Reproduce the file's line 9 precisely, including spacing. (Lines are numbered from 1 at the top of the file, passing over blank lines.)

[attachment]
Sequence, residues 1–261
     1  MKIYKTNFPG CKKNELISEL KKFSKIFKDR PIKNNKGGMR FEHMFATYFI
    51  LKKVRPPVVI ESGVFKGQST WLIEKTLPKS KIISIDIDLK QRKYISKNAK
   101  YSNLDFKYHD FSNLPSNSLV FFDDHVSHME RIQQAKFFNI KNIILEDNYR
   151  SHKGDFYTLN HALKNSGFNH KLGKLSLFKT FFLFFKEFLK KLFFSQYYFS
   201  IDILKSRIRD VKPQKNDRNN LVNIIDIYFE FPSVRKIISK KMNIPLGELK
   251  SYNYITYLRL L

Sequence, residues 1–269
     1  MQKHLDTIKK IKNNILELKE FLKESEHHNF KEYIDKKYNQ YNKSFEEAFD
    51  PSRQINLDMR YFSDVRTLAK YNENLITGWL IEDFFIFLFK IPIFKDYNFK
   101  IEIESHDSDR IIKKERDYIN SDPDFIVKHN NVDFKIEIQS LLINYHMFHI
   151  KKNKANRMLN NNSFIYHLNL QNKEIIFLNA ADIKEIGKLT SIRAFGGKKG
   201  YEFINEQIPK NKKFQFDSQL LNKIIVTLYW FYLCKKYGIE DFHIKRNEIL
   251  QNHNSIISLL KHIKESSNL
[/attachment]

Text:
     1  MQKHLDTIKK IKNNILELKE FLKESEHHNF KEYIDKKYNQ YNKSFEEAFD